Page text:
October 9, 2009
By Janet Lundquist for the Herald-News
JOLIET — People crowded into the theater at Billie Limacher Bicentennial Park on Thursday night to stand vigil in honor of victims of violence against women.
The 13th Annual Take Back The Night event was intended not only to serve as a memorial for those affected by violence, but also as a vehicle for educating others about the issue.
Violence against women isn’t confined to domestic incidents, said Chairwoman Jodi Wartenberg. It is far-reaching, and touches all women in everyday life, she said.
This year’s speaker, Art Moore with the Illinois Center for Violence Prevention, urged men to actively prevent violence against women.
“He’s trying to bring an awareness to men that any woman they know will do everything they can in order to make themselves safe,” Wartenberg said. “(Women) don’t just park anywhere. They look in the back seat. They put a hammer in their car. There’s things women do every day to lessen their chance of being a victim. The fact that the threat is there changes her life.”
Memorializing the lost
In March, Angela Charles, 23, and her husband Brian Charles, 31, were shot to death in their Joliet Township home. Their 2-year-old son Sean was spared. Police found him in the home when they found his parents.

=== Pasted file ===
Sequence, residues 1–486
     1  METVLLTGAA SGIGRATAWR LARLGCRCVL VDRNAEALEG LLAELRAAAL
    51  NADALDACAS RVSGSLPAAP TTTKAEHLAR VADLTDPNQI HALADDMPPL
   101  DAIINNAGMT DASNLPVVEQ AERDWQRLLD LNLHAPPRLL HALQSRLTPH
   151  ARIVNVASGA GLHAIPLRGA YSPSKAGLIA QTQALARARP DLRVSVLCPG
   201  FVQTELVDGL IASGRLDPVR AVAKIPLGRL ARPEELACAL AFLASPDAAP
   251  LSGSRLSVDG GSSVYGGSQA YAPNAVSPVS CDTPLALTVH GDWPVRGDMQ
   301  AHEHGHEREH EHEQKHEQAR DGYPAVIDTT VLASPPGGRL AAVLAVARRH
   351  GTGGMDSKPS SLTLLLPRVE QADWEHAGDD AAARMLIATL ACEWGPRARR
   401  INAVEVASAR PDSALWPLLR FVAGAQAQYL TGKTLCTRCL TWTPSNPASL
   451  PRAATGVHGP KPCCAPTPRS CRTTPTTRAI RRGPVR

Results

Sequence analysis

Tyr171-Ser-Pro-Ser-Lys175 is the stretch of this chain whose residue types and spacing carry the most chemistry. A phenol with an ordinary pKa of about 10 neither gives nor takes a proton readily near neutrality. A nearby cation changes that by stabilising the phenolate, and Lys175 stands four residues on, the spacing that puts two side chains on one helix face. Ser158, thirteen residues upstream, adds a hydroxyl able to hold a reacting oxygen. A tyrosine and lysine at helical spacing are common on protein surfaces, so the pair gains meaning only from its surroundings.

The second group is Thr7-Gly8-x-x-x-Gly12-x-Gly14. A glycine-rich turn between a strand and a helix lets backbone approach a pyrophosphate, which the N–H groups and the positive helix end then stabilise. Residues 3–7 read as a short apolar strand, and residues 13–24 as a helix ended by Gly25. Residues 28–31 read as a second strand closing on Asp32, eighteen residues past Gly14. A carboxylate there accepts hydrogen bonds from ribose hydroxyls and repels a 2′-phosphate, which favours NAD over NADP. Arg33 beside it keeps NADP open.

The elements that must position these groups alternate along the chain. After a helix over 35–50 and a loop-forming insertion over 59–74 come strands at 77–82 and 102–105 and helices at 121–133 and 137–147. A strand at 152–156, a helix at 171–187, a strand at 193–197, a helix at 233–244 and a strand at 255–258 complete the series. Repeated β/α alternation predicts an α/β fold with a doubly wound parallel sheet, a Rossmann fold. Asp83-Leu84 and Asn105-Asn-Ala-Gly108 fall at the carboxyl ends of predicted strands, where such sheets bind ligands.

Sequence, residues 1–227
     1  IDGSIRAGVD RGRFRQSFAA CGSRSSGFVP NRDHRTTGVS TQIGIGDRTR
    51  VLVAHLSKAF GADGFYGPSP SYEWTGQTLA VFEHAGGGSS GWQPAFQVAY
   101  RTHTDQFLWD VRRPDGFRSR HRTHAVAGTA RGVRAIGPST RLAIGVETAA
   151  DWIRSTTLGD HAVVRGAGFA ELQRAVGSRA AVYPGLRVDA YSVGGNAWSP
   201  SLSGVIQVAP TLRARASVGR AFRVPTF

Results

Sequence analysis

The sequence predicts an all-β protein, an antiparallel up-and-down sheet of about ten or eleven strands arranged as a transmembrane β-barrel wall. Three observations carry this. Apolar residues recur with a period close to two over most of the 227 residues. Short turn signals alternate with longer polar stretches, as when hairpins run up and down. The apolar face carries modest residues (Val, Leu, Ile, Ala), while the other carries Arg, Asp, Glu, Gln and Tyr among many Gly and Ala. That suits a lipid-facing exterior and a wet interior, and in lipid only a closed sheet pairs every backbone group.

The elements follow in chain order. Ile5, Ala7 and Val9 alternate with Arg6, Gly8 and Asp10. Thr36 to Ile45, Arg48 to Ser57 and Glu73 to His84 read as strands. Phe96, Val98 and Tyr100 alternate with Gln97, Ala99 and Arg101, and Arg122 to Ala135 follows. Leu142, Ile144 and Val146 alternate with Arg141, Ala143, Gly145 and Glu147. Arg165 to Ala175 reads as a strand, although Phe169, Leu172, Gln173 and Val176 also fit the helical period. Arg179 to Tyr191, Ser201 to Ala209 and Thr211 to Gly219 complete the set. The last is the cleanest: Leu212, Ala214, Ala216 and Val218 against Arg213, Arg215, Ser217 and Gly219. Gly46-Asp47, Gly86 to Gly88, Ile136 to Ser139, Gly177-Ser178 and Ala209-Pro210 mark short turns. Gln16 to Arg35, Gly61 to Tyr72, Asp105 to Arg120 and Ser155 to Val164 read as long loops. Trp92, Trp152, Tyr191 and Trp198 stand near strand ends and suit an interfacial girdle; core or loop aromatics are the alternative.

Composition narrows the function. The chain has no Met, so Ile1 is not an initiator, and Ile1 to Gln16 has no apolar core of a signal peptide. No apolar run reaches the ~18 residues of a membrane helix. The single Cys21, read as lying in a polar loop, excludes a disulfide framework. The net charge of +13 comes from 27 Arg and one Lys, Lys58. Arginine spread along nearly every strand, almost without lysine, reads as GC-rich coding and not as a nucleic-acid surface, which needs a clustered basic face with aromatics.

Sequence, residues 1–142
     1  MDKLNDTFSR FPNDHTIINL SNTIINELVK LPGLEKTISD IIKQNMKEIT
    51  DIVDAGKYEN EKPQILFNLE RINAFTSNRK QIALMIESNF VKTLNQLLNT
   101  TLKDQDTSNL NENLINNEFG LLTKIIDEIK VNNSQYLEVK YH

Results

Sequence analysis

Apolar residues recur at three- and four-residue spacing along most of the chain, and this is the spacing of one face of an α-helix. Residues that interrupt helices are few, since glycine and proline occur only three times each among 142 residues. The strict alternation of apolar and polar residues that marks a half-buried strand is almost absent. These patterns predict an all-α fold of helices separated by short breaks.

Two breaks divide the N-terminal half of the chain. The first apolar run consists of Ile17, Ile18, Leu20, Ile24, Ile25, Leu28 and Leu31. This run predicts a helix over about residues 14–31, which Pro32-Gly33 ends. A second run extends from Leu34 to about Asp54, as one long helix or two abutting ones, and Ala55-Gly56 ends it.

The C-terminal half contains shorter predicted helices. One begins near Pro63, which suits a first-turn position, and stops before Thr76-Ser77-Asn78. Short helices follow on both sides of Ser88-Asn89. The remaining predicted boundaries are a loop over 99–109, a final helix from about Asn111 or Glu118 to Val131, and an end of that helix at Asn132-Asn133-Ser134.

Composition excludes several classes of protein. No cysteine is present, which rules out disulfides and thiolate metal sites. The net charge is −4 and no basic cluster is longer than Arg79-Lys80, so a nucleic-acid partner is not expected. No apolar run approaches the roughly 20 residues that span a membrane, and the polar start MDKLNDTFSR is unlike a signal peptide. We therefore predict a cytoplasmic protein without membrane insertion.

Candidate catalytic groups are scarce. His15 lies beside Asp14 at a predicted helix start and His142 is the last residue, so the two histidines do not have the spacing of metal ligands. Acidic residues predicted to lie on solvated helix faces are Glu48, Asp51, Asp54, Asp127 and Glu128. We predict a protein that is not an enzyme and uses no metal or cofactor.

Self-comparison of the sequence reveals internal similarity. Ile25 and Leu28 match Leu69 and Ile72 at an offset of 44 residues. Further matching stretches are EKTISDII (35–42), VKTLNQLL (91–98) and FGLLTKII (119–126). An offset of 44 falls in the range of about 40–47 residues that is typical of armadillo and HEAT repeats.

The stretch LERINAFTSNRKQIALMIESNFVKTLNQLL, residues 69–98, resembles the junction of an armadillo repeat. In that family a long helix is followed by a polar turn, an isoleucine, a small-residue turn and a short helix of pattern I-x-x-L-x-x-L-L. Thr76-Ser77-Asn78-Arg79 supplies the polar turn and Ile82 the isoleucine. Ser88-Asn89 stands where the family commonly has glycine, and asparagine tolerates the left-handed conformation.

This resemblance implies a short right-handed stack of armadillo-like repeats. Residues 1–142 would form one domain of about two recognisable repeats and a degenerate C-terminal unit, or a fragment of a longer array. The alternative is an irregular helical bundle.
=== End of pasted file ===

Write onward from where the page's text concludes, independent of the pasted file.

Angela’s mother, Jackie Roth, grandparents, other family members and friends attended Thursday’s event in their memory. “It’s sad,” said Jackie Roth, Angela’s mother, stroking the toddler’s head. “This little boy asks about his mom and his dad all the time.” Police are still investigating the incident, and no arrests have been made.
Roth said she had heard about Take Back The Night before, but had not attended until this year. “I can’t solve the murder. But I want to do something,” Roth said.
Melissa Plut, 28, was strangled in her Joliet home in September 2000. Her mother, Pat Plut, has attended nearly every Take Back The Night event since. Holding a sign with her daughter’s photo, Plut said she hopes the event will help stop the spread of violence against women. “It’s sad also for us to come, because this is the night we remember all the violence,” Plut said.
Vince Trevizo was found guilty of Plut’s murder and of setting fire to her home. He was sentenced to 35 years in prison in July 2003, with an additional five to 10 years in prison for aggravated arson.
“Before it happened to me, which I never thought it would happen to me, I never knew (Take Back The Night) existed,” Plut said. “Now that I do, I come and bring my friends.”
More than just one night
Take Back The Night isn’t just the annual vigil and march, Wartenberg said. The organization brought Moore’s program, StandUp, to local high schools, and donates money to area organizations that help victims of violence.
The organization is looking for partner agencies to create a court watch program, where volunteers would go to court hearings to ensure victims are treated fairly.
For more information on Take Back The Night, visit the group’s Web site, www.willtbtn.com